But not having anyone to sit with was an adventure she wasn’t looking forward to. She was in the very first car; something else she didn’t really enjoy. Her car was the first to climb the hill, the first to speed down it. Being the first always made that fluttery, tingling sensation in the pit of her tummy worse.
One last ride of the night. She could get through it.
The car slid outside, the track curving around the mountain slightly to climb higher before plunging back into the darkness for the descent to the bottom. Emma tucked the 3-D glasses into the collar of her shirt. Unlike her brother, shooting the images on the screens wasn’t one of her strong points and the glasses only made her aim worse. Her attention was grabbed by the moon – big and bright and impossibly full, hanging low in the sky, tempting her to reach out a hand because it seemed close enough to touch.
And then the darkness surrounded her as they re-entered the mountain.
But then – Emma saw a set of eyes peering at her from the darkness.
It must have the brightness of the moon; her eyes playing tricks on her. The noise of the ride quieted as the car slowed to make the corner.
But then – a scraping noise, as if a shoe skidded along a path. The sound of panting, right there in the car beside her. Emma stared straight ahead, frozen into her seat because she could swear someone had just sat down in the empty seat next to her.
The car rounded a corner and dipped down, and the screens before Emma came to life with the images of fish-like creature swimming towards her. Emma, like the others on the ride, held her gun ready, but because she wasn’t wearing her glasses, the images were blurry. Instead of shooting the fish with her lasers, she sat staring ahead, willing herself to glance over to see who – what – was beside her.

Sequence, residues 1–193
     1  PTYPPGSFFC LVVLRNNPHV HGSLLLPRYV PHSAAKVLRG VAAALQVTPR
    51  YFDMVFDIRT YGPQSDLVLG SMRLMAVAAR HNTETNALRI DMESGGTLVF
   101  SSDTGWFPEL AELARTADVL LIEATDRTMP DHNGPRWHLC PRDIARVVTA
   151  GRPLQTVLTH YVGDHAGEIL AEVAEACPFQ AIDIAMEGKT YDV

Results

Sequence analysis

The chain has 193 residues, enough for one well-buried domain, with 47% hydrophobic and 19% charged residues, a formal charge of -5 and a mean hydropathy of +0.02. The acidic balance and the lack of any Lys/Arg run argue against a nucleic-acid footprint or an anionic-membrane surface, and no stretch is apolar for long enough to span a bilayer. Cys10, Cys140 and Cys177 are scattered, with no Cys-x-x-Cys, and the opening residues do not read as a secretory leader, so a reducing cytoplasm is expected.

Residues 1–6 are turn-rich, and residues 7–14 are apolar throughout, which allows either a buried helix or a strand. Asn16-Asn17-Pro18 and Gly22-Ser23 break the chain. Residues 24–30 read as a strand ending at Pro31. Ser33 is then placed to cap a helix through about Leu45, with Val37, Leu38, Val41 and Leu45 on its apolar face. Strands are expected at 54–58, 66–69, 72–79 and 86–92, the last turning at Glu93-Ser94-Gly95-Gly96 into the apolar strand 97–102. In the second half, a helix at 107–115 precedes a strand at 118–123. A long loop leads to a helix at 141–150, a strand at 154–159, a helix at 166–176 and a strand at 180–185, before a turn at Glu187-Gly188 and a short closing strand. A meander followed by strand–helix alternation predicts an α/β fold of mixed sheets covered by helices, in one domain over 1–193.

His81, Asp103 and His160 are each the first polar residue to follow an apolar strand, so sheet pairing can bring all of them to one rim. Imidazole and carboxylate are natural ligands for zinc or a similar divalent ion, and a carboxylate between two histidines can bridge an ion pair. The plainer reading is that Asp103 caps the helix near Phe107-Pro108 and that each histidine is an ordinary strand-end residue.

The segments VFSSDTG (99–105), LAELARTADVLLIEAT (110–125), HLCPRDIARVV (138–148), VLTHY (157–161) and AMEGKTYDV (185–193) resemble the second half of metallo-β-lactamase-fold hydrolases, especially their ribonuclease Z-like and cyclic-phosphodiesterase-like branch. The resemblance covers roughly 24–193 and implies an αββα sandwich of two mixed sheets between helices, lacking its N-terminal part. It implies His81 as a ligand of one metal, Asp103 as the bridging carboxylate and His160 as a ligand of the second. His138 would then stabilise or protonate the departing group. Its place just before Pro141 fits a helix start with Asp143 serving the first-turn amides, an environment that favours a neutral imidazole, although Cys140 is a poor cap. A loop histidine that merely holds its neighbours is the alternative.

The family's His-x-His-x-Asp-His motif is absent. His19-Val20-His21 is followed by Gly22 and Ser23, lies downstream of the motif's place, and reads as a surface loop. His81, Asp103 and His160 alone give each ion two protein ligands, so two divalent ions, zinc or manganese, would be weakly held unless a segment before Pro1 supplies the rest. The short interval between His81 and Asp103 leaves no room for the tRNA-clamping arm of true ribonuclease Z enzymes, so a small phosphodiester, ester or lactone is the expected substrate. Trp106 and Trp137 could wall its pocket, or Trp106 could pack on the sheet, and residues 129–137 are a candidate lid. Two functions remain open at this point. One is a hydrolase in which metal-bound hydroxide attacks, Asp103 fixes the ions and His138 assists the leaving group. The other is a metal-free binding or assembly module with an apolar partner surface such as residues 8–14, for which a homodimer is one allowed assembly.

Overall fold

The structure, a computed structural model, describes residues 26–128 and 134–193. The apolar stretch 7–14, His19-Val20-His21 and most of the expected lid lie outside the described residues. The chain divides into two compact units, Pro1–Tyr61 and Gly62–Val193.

They had finished with the fish; the birds were next, the cries of the kids in the cars once again increasing in volume as they faced more images. Emma finally dared to glance out of the corner of her eye at the seat next to her. It seemed empty…
…but when Emma turned her head, she cried out in surprise.
Seated next to her was a…the only thing she could think of was a dwarf. Or an elf. Matt, with all of the hours spent watching Lord of the Rings, would know the difference.
“What…?” she gasped.
There was enough light from the screen so Emma could see that it – he – was grinning at her. He was tiny; shorter than even nine-year old Macy and his legs dangled over the seat. His face was cheerful with a wide, curious smile. Emma didn’t think she was in danger, especially from someone wearing such a funny looking hat.
“Watch out for the drop,” he said, hanging on to his hat with one hand.
They had reached the Chamber of the Guardian, the point in the ride where shooters had to hit as many of the targets as they could to deactivate the booby traps laid by the Guardian. Emma had been on the ride enough times that she knew the best spots to hit, but she still sat holding her gun, fingers frozen on the trigger, staring at the creature beside her.
“Are you supposed to be Archer?” Emma finally whispered, recognizing the character’s red cloak. Matt had read the description to her like he always did, pointing out the sword the dwarf carried. Looking down, Emma saw the same sword pointing at her. She slid over as far as she could go on the molded plastic seat.
“Hang on,” he said again, but Emma stared at Archer, too distracted to pay attention to what was happening with the ride.
Was it a costume? Halloween was months away and she’d never seen a costume for any of the Guardian characters. It was a cool idea, not something that she would ever do, but maybe Dash… “How…?”
The image of the dragon suddenly roared, a flash of heat blasting her face and Emma let out a little scream as she clutched her seat as the car dropped several feet into pitch blackness. Her little sister screamed loudly behind her. Archer, or whoever he was, giggled softly.
“I like the drop,” he said as the cars began the uphill climb to the end of the ride. “You’re in my seat.”
“Sorry?” a bewildered Emma told him.
“I like that side better.”
“What does it matter what side you’re on?”
“More spots to hide on that side. You’re not supposed to see me,” the creature told her, leaning closer so she could hear him over the cries of the riders behind her. “You should put your glasses on.”
And then he was gone.